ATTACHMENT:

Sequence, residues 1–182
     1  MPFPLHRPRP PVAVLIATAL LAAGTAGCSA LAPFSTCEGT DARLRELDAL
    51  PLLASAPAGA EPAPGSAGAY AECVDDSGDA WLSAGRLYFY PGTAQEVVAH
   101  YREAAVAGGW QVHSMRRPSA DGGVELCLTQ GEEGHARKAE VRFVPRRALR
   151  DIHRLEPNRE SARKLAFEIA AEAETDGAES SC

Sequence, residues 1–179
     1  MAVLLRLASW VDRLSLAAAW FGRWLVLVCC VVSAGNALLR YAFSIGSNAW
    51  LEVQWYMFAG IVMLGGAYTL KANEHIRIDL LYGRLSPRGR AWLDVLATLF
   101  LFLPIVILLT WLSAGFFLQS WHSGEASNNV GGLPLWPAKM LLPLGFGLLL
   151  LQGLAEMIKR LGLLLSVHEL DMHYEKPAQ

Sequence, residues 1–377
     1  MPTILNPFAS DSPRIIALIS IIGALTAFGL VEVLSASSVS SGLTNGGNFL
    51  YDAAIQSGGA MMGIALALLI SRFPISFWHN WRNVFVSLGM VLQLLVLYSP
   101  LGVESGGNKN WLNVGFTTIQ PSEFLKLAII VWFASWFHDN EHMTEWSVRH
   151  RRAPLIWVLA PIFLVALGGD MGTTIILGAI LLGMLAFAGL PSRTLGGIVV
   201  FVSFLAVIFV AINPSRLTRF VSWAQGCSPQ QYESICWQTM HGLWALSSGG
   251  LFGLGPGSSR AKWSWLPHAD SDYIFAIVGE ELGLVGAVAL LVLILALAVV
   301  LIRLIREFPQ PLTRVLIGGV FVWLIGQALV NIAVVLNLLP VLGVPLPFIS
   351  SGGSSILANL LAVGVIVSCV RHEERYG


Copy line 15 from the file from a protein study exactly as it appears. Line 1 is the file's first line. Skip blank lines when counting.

   151  RRAPLIWVLA PIFLVALGGD MGTTIILGAI LLGMLAFAGL PSRTLGGIVV